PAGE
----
For over a decade, Washington has spoken of the Taliban as a loose band of fighters. This assumption was, and continues to be, false. The Obama administration, for instance, devised a divide-and-conquer strategy to reach the “reconcilables” in the insurgency. To be sure, from building an economy to deterring ISIS attacks, a Taliban government faces steep obstacles. But cohesiveness is not one of them. A brief overview of the Taliban’s internal structure reveals a meticulous but flexible approach that Washington must reckon with to avoid being once again blindsided by the group’s advances.
Take the Doha Agreement, for example. During the negotiations, Haibatullah Akhunzada, the amir of the Taliban, strengthened the insurgency’s traditional consultative process by consistently deferring to committees. These consultations demonstrated that Taliban leadership can discuss disagreement within a framework without fear of retaliation. Though the amir is the supreme ruler, critical decisions like peace deals don’t occur without a dialogue.
Even the choice of who would lead the agreement wasn’t without thought. Mullah Ghani Baradar’s appointment to the Doha political office garnered the respect of rank-and-file members, signaled to the United States the group’s seriousness for a deal, and showed Pakistan’s interests in improved relations. What about in the lower ranks? One United States Institute of Peace paper by Ashley Jackson and Rahmatullah Amiri analyzes that structure too. At the local level, provincial (akin to state) governors appoint district governors. District governors oversee military tactics, resident complaints, and civilian commissions. While civilian commissions (akin to departments) had always existed, the Taliban have placed them at the forefront of community negotiations in hopes of greater impacts in sectors like education, health, and nongovernmental organizations. Oversight by top leadership is hands-off unless necessary: the provincial governor can argue against policy implemented by higher authorities, and the Rahbari Shura, the Taliban leadership council, is not directly involved in the appointment of district governors.
Jackson and Amiri further discuss how civilians in these positions work with the military side, but the implementation of these policies can remain independent. Regarding education policy, for example, local leaders are authorized to challenge military actors worried about anti-Taliban ideals in classrooms.
Of course, the structure is far more complex on the ground than on paper, and it differs from sector to sector. But keeping a general blueprint avoids conflict, decentralizes power, and keeps the military and civilian sides on equal footing. When asked about such reforms in 2018, one Taliban official asserted that “we needed to show we could be accountable and could form an accountable government that everyone could accept.”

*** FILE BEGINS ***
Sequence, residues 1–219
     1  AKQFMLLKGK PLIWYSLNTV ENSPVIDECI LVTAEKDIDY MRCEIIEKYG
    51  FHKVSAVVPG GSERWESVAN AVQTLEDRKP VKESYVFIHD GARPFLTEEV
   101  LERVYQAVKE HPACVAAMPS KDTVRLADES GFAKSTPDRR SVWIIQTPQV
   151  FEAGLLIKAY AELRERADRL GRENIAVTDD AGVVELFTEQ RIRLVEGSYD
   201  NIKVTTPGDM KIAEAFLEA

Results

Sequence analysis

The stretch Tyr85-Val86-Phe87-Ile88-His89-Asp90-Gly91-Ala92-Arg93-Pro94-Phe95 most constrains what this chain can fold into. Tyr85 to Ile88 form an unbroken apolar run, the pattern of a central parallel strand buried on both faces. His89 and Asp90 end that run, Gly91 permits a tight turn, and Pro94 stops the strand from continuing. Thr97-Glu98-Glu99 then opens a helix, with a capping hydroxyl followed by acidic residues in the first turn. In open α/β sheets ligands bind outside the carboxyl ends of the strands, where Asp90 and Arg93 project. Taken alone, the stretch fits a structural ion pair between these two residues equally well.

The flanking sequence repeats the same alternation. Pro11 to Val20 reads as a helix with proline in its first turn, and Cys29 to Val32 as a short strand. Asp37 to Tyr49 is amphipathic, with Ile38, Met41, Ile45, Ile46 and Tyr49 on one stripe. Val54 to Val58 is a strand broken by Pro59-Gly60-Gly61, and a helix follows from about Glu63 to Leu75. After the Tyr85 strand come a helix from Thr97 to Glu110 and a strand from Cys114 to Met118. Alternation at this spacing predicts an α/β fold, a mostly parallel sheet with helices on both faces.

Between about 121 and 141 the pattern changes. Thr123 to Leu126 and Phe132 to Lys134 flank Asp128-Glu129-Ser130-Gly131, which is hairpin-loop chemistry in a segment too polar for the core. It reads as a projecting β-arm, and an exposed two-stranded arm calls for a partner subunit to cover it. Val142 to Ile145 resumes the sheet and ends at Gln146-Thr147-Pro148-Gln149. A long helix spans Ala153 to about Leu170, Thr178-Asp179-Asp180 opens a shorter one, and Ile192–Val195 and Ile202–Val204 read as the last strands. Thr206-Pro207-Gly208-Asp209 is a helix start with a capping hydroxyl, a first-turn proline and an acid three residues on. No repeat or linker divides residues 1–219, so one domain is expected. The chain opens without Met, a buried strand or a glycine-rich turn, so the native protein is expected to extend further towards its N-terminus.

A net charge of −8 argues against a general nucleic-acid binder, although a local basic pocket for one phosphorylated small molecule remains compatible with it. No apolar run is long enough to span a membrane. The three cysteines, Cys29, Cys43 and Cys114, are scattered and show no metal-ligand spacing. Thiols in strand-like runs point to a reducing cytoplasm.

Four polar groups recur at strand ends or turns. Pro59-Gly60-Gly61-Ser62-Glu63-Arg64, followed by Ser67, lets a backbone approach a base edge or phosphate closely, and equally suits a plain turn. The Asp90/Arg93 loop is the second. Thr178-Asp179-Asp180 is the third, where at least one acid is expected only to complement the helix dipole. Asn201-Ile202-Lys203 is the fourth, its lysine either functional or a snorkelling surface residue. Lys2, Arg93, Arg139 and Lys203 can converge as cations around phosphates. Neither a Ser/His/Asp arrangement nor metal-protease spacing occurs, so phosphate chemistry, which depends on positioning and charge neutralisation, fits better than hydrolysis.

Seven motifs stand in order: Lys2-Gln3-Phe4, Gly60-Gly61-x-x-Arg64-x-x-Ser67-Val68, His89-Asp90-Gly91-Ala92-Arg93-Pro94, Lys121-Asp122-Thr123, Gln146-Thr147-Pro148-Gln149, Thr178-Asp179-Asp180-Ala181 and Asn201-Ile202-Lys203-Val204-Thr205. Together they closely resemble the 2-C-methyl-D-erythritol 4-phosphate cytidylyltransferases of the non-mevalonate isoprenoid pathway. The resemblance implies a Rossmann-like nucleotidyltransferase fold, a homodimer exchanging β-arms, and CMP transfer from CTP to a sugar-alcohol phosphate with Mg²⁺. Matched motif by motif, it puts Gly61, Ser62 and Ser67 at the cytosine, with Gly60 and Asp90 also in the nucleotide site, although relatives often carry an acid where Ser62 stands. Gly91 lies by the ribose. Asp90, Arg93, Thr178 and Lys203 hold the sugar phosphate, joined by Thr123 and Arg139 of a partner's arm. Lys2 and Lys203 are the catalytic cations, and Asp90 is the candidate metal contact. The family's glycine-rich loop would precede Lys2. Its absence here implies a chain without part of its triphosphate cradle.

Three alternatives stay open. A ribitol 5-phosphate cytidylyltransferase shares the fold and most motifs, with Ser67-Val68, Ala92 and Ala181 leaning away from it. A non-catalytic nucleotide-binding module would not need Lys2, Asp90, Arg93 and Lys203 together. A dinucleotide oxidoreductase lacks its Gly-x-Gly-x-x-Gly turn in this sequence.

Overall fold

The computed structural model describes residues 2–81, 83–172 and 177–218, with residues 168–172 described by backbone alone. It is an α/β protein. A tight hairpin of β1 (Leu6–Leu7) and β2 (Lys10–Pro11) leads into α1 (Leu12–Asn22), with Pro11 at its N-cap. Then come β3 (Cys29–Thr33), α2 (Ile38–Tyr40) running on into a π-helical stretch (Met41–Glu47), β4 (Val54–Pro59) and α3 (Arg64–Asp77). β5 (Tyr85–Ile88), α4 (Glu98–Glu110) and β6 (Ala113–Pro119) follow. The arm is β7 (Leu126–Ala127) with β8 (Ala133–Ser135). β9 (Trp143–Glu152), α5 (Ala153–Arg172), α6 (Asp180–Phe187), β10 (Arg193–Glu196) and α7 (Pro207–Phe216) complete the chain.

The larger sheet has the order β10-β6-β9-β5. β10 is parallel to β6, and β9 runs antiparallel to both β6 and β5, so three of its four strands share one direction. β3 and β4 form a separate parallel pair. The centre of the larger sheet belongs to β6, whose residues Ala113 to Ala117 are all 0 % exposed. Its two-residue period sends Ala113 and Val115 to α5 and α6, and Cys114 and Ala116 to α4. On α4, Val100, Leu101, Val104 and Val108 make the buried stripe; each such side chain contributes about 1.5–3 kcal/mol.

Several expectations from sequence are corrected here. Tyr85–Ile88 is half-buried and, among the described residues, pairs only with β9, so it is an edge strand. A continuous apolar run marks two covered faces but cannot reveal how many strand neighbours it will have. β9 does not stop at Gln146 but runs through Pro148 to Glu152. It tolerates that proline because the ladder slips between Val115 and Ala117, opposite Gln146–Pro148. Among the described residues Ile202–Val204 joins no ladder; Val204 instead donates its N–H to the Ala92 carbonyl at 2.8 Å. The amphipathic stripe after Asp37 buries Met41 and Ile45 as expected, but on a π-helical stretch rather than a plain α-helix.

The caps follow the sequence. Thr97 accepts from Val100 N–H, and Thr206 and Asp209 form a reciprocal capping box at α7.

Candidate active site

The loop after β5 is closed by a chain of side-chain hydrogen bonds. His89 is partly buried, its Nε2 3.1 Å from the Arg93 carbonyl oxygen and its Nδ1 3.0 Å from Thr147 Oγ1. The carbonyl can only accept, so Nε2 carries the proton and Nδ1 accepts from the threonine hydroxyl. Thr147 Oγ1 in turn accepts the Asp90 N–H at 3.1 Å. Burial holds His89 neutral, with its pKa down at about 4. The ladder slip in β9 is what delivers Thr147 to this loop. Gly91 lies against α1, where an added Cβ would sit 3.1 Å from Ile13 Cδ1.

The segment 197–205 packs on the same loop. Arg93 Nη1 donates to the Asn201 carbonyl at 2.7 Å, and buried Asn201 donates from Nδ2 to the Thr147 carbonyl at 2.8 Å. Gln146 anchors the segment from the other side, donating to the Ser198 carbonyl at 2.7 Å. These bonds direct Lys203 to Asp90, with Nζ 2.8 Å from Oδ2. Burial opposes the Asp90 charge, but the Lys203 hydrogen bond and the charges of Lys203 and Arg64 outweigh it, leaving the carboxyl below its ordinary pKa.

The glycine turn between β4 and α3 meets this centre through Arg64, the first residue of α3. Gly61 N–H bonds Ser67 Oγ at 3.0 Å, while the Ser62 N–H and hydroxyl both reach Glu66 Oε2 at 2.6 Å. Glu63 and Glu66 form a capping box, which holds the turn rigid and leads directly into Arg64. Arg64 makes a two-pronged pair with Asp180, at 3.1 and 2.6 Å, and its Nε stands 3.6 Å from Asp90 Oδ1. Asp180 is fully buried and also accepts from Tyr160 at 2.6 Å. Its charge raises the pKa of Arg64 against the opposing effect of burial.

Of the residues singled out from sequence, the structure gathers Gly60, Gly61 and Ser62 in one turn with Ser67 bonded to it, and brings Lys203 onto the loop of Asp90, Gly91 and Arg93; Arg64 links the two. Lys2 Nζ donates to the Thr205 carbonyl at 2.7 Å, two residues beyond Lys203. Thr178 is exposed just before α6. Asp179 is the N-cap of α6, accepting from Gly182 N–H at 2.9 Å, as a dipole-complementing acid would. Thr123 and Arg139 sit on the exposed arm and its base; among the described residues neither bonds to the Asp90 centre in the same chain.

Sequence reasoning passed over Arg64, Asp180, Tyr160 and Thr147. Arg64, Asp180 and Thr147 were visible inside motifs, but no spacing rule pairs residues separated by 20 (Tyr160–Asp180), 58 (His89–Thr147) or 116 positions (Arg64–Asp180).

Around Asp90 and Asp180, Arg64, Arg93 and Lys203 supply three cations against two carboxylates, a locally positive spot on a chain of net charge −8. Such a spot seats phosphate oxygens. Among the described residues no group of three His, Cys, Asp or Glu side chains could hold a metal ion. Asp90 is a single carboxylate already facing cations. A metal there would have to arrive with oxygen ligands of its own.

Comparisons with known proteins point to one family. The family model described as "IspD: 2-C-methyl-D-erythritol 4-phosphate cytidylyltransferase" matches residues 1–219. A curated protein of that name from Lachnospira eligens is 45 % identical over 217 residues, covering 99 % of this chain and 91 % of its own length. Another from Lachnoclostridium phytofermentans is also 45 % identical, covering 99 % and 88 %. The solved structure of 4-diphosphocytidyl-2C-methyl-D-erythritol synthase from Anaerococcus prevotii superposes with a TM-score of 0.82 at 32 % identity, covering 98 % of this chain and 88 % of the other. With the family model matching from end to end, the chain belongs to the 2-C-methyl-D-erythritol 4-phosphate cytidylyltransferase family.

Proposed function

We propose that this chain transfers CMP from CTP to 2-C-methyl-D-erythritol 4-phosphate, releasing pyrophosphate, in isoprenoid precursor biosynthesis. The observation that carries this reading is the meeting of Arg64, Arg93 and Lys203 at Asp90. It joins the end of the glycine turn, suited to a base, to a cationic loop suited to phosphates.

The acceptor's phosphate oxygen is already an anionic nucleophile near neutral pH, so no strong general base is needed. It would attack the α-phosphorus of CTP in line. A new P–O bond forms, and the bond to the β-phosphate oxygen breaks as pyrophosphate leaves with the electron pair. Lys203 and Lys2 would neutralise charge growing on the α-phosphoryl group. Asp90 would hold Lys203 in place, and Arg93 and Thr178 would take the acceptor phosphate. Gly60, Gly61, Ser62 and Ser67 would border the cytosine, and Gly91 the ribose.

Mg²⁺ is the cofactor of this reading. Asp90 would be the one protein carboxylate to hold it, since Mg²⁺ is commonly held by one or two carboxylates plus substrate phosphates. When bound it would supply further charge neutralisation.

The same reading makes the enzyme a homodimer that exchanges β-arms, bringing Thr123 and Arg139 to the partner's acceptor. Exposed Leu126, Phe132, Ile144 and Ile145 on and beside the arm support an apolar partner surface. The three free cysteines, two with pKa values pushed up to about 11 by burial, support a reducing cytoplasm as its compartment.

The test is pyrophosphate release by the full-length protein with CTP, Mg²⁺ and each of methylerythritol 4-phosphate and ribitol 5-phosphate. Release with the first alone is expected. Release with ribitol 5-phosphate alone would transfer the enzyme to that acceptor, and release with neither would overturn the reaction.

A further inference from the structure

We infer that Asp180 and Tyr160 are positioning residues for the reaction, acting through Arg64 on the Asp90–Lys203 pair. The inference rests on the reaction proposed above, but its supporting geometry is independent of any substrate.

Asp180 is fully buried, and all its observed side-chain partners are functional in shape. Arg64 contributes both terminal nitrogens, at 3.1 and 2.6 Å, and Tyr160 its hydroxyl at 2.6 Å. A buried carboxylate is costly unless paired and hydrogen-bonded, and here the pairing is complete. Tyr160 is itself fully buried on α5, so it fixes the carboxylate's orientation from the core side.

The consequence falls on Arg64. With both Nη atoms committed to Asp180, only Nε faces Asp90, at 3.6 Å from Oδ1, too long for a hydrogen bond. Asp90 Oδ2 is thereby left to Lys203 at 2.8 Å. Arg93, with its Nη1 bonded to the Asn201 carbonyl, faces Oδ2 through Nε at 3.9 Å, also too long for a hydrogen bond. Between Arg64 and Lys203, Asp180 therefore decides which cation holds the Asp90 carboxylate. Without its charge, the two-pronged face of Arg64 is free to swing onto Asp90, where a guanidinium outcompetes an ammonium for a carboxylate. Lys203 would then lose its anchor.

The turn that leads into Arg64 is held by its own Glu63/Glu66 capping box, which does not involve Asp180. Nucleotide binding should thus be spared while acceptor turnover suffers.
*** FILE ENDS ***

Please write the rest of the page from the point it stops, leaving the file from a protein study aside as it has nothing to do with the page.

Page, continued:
The Doha Agreement process and subnational reforms show the Taliban has adapted to geopolitical changes. To ignore this fact means re-committing mistakes like attempting to produce dissidents among its ranks. Fortunately, there are three ways to keep the Taliban structure in mind if Washington decides to engage its government, diplomatically or not.
First, U.S. policymakers should understand that local leaders are in some ways more powerful than the Taliban central government. The Rahbari Shura cannot oversee the 70 percent of Afghans who live in the countryside, so it relies on appointed officials like the district governors. And these governors are more accountable to the provincial officials than the amir. What would cause a district governor to argue against central policy? Money? Lack of resources? By answering these questions, the United States will gain insight into the causes of bottom-to-top conflicts.
Second, as Bill Roggio, managing editor of the Foundation for Defense of Democracies’ Long War Journal, argued, “We never understood the Taliban's singular goal of reestablishing the Islamic emirate.” Had the U.S. government better understood the Taliban’s structure, it would’ve known that the policy process, from consultation to evaluation, reflects an Islamic model. The jirga, the traditional form of assembly leaders common to Pashtun, predates modern law but more importantly, mirrors the consultative methods of the Rahbari Shura. To determine the policies of a Taliban government, Washington must study these deliberative processes.
Finally, the United States needs to acknowledge that the Taliban is no longer the Pashtun ethno-nationalist movement from the 1990s. Indeed, according to Foreign Policy, the Taliban’s expansive recruitment of Uzbek, Turkmen, and Tajik Afghans “have given the militant group the ability to seize territory in areas outside of its traditional power base.” This strategy, too, was no accident. The Taliban tailored recruitment messages to play on minorities’ financial and political grievances towards the Afghan government. One of these Uzbek recruits was appointed as a military chief in several districts after only two years, allowing him to recruit members exponentially—like a pyramid scheme. How long the Taliban will keep these groups under this manufactured Islamic banner, no one can say. But if U.S. policy accounts for these ethnic differences within the Taliban structure, it can predict fractures here and there.
Whatever the future of its Afghanistan policy is, Washington must go beyond the “loose fighters” perception by examining the Taliban’s bottom-to-top conflicts, studying its deliberative processes, and predicting its ethnic structural fractures. Then, it should apply those analyses towards better anticipating Taliban government policies. To do otherwise means re-committing past mistakes.
Sam Abodo is an undergraduate student at Carnegie Mellon University’s Institute for Politics and Strategy and an editorial intern with The National Interest.